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Inselspital: Images from the depths of the brain


The Neuroradiology Department of Bern University Hospital has managed to make the pathological electrical activity within the brain visible by means of an innovative procedure. This is improving the diagnostics of epilepsy patients.

For over 20 years, doctors have been dreaming of depicting the brain’s electrical activity in an MRI scan. Researchers from Bern University Hospital have now succeeded in making this dream a reality by means of a unique method.

The new method can do what the surface EEG cannot: show electrical activities in the brain.

Inselspital, Bern University Hospital

Example of an epilepsy patient before and after the successful operation.

©Department of Diagnostic and Interventional Neuroradiology, Bern University Hospital

The electrical fields are measured indirectly through their effect on magnetic fields,rather than directly. But although a healthy brain’s electrical fields are too weak to produce a measurable disruption of the magnetic field, neuroradiologists can now measure this where the fields are more pronounced in the short term. In patients with epilepsy.

Imaging helps to localise epilepsy and shows healing

The research team of physicist Dr Claus Kiefer and doctors Eugenio Abela, Kaspar Schindler and Roland Wiest from the Support Center for Advanced Neuroimaging (SCAN) at the Department of Diagnostic and Interventional Neuroradiology and the Department of Neurology at Bern University Hospital used the new method in a pilot study with eight epilepsy patients.

In doing so, it was found that the newly developed MR sequence makes magnetic field disturbances visible, even in deep regions of the brain. The surface EEG, which is otherwise used, has never achieved this. As a result, it is possible to localise the origin of the epileptic seizures with even more precision, which benefits those patients who exhibit no structural abnormalities in the “normal” MRI.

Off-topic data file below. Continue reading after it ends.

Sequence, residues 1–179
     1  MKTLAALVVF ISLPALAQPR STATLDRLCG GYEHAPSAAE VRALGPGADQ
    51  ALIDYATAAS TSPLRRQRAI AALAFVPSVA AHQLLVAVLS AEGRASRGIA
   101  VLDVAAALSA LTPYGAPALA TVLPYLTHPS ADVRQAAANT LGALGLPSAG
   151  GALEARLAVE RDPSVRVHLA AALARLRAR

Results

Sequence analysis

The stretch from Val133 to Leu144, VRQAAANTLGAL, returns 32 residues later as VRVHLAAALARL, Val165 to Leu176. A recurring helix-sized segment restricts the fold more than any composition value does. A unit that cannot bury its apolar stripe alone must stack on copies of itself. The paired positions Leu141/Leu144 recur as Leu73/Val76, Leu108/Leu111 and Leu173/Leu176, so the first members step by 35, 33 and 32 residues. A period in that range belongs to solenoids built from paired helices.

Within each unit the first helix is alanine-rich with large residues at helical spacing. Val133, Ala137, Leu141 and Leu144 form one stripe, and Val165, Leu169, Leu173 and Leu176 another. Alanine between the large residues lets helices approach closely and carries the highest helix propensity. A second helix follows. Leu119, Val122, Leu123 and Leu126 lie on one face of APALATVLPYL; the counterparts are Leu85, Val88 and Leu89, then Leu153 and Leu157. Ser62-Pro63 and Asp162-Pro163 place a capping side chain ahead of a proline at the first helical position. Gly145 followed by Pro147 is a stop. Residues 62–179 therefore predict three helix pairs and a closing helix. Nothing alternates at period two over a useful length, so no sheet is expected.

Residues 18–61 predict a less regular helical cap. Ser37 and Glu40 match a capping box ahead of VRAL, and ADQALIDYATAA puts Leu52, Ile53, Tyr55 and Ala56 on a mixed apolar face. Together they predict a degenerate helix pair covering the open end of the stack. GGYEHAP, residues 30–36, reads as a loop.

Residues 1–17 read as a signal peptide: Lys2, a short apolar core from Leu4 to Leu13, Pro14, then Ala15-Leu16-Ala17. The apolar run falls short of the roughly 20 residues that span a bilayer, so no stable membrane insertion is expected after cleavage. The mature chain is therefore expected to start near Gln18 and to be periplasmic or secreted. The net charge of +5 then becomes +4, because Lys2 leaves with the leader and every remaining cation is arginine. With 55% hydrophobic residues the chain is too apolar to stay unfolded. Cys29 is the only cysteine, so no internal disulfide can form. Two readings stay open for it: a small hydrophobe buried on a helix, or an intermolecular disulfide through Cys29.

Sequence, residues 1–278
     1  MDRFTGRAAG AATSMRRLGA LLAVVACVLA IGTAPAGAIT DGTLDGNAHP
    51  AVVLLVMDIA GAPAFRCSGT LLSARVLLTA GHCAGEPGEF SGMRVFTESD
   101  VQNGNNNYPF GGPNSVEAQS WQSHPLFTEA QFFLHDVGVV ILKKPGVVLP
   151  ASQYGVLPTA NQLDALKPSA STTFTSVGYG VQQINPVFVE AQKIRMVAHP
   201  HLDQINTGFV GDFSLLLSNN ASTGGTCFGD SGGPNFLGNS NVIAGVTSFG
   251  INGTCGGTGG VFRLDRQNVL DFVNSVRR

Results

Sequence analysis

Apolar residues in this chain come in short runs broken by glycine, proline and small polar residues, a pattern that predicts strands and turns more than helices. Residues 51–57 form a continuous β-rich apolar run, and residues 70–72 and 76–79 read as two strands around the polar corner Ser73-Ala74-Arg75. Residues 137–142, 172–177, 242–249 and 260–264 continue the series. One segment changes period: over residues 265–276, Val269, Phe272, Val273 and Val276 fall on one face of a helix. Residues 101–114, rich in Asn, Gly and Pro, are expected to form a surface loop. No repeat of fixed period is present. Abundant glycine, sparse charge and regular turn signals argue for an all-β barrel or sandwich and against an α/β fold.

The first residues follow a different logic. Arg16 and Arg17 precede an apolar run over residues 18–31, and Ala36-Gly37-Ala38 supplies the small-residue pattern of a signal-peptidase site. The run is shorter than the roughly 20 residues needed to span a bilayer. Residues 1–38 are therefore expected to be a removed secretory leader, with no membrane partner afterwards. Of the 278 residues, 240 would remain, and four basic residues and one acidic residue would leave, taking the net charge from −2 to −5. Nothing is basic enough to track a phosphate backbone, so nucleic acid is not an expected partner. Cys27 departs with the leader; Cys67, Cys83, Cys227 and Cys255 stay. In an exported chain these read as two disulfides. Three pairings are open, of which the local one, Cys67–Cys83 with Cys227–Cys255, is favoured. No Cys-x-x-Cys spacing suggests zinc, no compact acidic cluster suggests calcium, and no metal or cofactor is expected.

In addition, researchers demonstrated that epilepsy patients, who are seizure-free after an operation, no longer show such magnetic field disturbances – that their brain works “disruption-free” like that of a healthy person. On the other hand, patients who continued to have seizures still demonstrated the typical pathological signals. These astounding new insights into the function of our brain were published on 29th January in the renowned American journal, Radiology.

Patented methods only in Bern

The revolutionary imaging method is patented by the University of Bern and is only currently offered at Bern University Hospital. The advantage: If epilepsy patients, whose medication is not helping, need an MRI examination, just eight additional minutes in the MRI can better localise the region of origin of the exaggerated electrical brain activity. This is also the case if patients are not currently having a seizure, as the method is so sensitive that it even records weak epileptic activity that exists between the actual seizures.

The newly developed MR sequence is now expected to be validated internationally in further clinical studies.

Prof Dr Roland Wiest, Chief Physician, Department of Diagnostic and Interventional Neuroradiology, Bern University Hospital, +41 31 632 36 73.
Prof Dr Kaspar Schindler, Chief Physician, Department of Neurology, Bern University Hospital, +41 31 632 30 54.

Weitere Informationen:

Monika Kugemann | Universitätsspital Bern

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